And these two variants are just the tip of the iceberg: You can apply the same one-pot technique Anna uses in these dishes to just about any quick-cooking vegetable/pasta combo. Just use a pasta shape with a cooking time of about 8 minutes, and maintain the right ratio of water-to-pasta (4 1/2 cups—a liter—of water for 12 ounces of pasta). A farfalle/broccoli floret/cherry tomato situation, with plenty of lemon and Parm, might very well be dinner tonight.

What are your favorite one-pan pasta combos? Let me know in the comments!
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A New Way to Dinner, co-authored by Food52's founders Amanda Hesser and Merrill Stubbs, is an indispensable playbook for stress-free meal-planning (hint: cook foundational dishes on the weekend and mix and match ‘em through the week).

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See what other Food52 readers are saying.

  • Leslee Paul
    Leslee Paul
  • Noreen Fish
    Noreen Fish
  • Terry
  • David Kmetz
    David Kmetz
  • Harpreet Chohan
    Harpreet Chohan
Brinda is the Director of Content at Food52, where she oversees all site content across Food52 and Home52. She likes chewy Neapolitan pizza, stinky cheese of all sorts, and tahini-flavored anything. Brinda lives in Brooklyn with 18 plants and at least one foster pup (sometimes more). Find her at @brindayesterday on Twitter and Instagram.


Leslee P. May 19, 2019
It would be very helpful to calibrate pasta recipes to 8 or 16oz. The easiest way to divide a package is in half. Being left with 4oz of pasta is annoying.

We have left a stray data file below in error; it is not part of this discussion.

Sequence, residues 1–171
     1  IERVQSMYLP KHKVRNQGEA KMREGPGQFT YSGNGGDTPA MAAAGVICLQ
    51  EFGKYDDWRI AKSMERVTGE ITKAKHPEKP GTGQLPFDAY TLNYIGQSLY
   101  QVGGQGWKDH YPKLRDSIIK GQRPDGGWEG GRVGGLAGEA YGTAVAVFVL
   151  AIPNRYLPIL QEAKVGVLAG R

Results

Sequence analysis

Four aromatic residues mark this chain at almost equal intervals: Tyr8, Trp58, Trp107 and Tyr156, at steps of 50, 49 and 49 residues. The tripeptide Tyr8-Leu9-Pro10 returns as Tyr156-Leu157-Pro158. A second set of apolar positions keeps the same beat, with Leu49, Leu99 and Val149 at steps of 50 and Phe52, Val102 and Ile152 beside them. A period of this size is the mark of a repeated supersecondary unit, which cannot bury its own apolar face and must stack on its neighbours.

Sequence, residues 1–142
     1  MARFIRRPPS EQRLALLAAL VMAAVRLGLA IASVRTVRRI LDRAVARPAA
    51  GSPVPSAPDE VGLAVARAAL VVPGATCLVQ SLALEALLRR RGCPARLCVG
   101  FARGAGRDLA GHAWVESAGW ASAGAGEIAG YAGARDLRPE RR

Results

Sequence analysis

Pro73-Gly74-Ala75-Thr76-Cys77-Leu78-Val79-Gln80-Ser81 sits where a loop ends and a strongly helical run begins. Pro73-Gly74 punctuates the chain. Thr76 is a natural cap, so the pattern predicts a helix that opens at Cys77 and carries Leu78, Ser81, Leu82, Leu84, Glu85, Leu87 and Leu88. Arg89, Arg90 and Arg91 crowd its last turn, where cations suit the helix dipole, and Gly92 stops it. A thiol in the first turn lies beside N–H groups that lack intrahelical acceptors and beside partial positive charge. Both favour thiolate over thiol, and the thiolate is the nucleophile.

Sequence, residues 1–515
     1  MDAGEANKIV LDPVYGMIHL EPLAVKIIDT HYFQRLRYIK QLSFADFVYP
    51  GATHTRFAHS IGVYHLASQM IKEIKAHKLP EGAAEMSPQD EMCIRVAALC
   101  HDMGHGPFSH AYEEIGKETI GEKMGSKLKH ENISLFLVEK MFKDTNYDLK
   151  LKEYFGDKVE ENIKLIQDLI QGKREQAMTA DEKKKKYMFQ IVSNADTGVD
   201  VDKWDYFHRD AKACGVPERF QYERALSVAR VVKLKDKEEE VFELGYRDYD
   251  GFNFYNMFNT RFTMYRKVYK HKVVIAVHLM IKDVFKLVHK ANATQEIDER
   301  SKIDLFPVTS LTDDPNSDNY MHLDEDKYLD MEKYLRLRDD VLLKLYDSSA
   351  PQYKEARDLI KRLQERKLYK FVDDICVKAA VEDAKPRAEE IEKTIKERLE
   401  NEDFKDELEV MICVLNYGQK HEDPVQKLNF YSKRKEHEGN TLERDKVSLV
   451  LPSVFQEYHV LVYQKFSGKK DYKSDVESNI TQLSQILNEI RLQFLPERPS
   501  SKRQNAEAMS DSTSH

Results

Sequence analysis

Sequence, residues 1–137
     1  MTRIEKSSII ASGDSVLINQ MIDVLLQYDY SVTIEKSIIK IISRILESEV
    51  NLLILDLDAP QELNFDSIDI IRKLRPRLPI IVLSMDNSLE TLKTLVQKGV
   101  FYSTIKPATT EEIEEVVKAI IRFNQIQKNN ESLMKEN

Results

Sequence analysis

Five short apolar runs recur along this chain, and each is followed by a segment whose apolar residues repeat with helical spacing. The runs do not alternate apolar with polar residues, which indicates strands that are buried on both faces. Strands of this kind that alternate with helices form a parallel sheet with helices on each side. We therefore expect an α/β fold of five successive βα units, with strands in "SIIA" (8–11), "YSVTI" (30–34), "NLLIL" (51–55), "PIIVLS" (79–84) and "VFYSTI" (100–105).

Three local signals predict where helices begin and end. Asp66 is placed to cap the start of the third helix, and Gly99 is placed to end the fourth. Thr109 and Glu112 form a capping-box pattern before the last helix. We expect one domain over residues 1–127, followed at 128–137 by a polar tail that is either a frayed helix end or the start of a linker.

Noreen F. May 5, 2019
Last night we had spaghetti with ramps. SO tasty. I confess I used two pots, but you could totally do it in one.
Brinda A. May 19, 2019
Oh wow, ramps—'tis the season! Love it, Noreen, thanks for reading.
Terry April 29, 2019
My one pot favorite is rotini, fresh broccoli florets and roasted red peppers (jar). When the rotini is almost done, add the broccoli to the water. Drain, then add the sliced peppers and all your seasonings -- EVOO, salt, pepper, garlic, Italian seasonings, etc., etc.
Brinda A. May 19, 2019
Yum, sounds so good, Terry!
David K. April 28, 2019
Love the dish - why this obsession with a sound track? I don't need music to enhance
my enjoyment of videos, of any stripe. Please stop. Thank you.
Harpreet C. April 24, 2019
sorry to be a pedant but Parmesan is not vegetarian
Brinda A. April 24, 2019
Thanks for reading, Harpreet! I can definitely update the article above to say so, but by Parmesan, I don't necessarily mean Parmigiano-Reggiano. Anna specifies in the linked recipes that she prefers to use Parmesan that's made with vegetable enzymes, rather than animal rennet (and I do, too!). A few animal-rennet-free Parmesan options: Organic Valley Shredded Parmesan, Trader Joe's Grated Parmesan, and Belgioioso Vegetarian Parmesan (you can get this one in a wedge and grate it yourself). Hope this helps!
Harpreet C. April 24, 2019
thanks - I did say I was being a pedant ;)
in the UK they're mostly called 'hard cheese' or 'Italian style hard cheese'
they're generally not allowed to call it Parmesan
Jenna April 29, 2019
Parmigiana is not vegan. It is very much vegetarian. If you don’t want to use it leave it out or swap it for a vegan version. They have plenty of these mock “cheeses” on the market.
LMS May 19, 2019
Also sorry to be a pedant 😉But there is a difference between vegetarians (who usually eat eggs and cheese) and vegans, who eat neither.
delicia.sampson.7 May 19, 2019
Harpreet is referring to the animal rennet that is used in the cheese making process for most cheeses. The author does a good job of explaining alternatives...
Some other vegan substitutes can be seasoned ground and toasted bread crumbs or nuts, in place of vegan or vegetarian cheeses.
Brittanyann May 22, 2019
Thank you for your comment. I'm probably the only one who didn't already know what pedant means, but thanks to you I learned a new word today.
Bill October 22, 2019
use braggs nutricanol yeast it is vegan and has a nutty cheese flavor
Emma L. April 24, 2019
One-Pan Squash, Caper & Kale Pasta! I need.